Police had also arrested two suspects involved in the ritual killings.
MPs brawl in parliament
A move by MPs from Uganda's governing party NRM to amend the constitution to remove the upper age limit for presidential candidates was resisted by fists and kicks in parliament.
Opposition lawmakers say the move to scrap the limit is part of a plot to clear the way for President Yoweri Museveni, 73, to run in the 2021 election.
Subsequently, a law was passed to change the constitution to allow people over 75 to stand for president.
In South Africa, similar scenes occurred in parliament.
MPs from the opposition Economic Freedom Fighters clashed with security men in February as they ignored several calls not to disrupt President Jacob Zuma's state of the nation address.
An intense brawl broke out as the security men attempted to eject the lawmakers.
They finally managed to remove the lawmakers but it was a spectacle:
Sudan trouser ban
Sudan's morality police raided a private party in the capital, Khartoum, in December and found women wearing trousers.
The 24 women were arrested and charged with indecency but the charges were later dropped.
The raid had been conducted by a police unit in charge of enforcing morality.
If the women had been convicted, they could have faced punishment of 40 lashes and a fine for wearing "an obscene outfit".
Rights activists say tens of thousands of women are arrested and flogged for indecency every year, and laws can be applied arbitrarily.
They say the law in Muslim-majority Sudan against wearing trousers and short or tight skirts discriminates against Christians.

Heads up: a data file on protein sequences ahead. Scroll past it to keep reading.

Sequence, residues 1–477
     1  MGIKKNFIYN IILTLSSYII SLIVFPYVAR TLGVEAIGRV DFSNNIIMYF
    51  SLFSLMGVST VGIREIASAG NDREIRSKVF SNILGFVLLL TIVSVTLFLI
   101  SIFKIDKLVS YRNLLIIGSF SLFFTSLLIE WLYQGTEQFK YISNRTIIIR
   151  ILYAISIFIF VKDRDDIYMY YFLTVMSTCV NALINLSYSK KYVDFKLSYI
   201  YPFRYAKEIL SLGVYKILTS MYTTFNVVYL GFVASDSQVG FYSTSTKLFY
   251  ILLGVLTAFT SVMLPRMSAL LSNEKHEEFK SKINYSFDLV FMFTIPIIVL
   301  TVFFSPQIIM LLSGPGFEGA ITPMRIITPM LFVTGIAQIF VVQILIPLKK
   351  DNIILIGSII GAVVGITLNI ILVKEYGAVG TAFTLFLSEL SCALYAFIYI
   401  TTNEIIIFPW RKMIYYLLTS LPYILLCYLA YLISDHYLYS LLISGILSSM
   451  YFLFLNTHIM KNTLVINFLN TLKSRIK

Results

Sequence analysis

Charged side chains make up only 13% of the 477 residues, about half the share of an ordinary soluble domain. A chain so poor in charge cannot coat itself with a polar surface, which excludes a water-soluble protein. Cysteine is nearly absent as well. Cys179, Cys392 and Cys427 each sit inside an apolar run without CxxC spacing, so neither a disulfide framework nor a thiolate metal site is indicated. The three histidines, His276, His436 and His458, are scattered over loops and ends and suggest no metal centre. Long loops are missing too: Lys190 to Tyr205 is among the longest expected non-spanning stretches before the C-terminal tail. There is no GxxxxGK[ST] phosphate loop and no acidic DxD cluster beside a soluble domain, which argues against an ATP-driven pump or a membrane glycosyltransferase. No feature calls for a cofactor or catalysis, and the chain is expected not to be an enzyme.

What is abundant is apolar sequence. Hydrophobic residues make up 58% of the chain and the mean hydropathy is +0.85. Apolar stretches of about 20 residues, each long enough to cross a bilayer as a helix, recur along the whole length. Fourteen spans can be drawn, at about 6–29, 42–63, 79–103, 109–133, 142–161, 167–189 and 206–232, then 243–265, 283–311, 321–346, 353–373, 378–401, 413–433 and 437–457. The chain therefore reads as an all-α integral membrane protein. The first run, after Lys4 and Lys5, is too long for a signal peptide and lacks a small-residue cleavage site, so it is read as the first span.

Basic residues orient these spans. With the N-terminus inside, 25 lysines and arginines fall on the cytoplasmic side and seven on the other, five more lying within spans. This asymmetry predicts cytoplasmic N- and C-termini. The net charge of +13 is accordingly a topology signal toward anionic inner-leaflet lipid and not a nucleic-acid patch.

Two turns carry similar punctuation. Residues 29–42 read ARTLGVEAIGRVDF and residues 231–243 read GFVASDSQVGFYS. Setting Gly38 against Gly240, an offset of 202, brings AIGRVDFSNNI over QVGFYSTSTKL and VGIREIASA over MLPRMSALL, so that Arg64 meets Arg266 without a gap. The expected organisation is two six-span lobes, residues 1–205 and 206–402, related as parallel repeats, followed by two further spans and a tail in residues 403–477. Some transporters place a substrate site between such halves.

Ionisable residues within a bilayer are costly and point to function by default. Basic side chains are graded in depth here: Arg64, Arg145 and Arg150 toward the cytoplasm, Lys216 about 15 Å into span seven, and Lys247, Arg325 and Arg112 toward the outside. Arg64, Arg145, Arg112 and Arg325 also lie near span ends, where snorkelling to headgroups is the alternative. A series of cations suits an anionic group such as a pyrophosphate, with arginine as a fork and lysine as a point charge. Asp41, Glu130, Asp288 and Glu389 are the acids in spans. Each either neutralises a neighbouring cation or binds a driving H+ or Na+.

Traditionally, women in Sudan wear loose flowing robes.
Campaigner Amira Osman told Netherlands-based Radio Dabanga the public order act violated women's rights.
"The party took place in a closed hall in a building in El Mamoura [south of Khartoum]," she said.
"The girls were arrested for wearing trousers, despite obtaining a permit from the authorities [for the party]."
The manager of English football team Arsenal, Arsene Wenger, continues to divide the club's supporters, on the continent and elsewhere.
In November, while most Zimbabweans were concerned with the military takeover and thousands marched through the streets of the capital, Harare, to demand the resignation of long-time leader Robert Mugabe, some took the time to demand that Wenger should also step down.
But it had been a theme throughout much of the year. This was spotted during a football game in Ethiopia, on 16 April, days after Arsenal lost to lowly Crystal Palace in an English Premier League match:
The sign also made an appearance in a Kenyan music concert, of all places:
Two accidents. One witness
A Kenyan man puzzled many for days after he gave witness accounts to two fatal accidents, in two different parts of the country.
A picture of the man's two appearances on local TV was widely shared on social media.
The man who identified himself as Dennis Muigai gave an interview to Citizen TV after a fatal helicopter crash on 21 October, in which at least five people were killed.
He was again the main witness during a 7 November fatal crash in Murang'a, in central Kenya, some 200 km (124m) away from the first accident, in which a local governor died.
He told another TV station, NTV, that he was a passenger in a police car when the accident happened and gave a detailed account of what he saw.
According to Nairobi News he said that the first thing he did after the crash was to secure the governor's bodyguard's gun and the occupants' personal belongings.
Police later arrested Mr Muigai for impersonating a police officer, local media reported. It is not clear what has happened to him since.
In both his TV appearances he donned sunglasses connected to an ear piece, a look that sparked the hashtag #WitnessChallenge on Twitter as many attempted to copy and mock his look: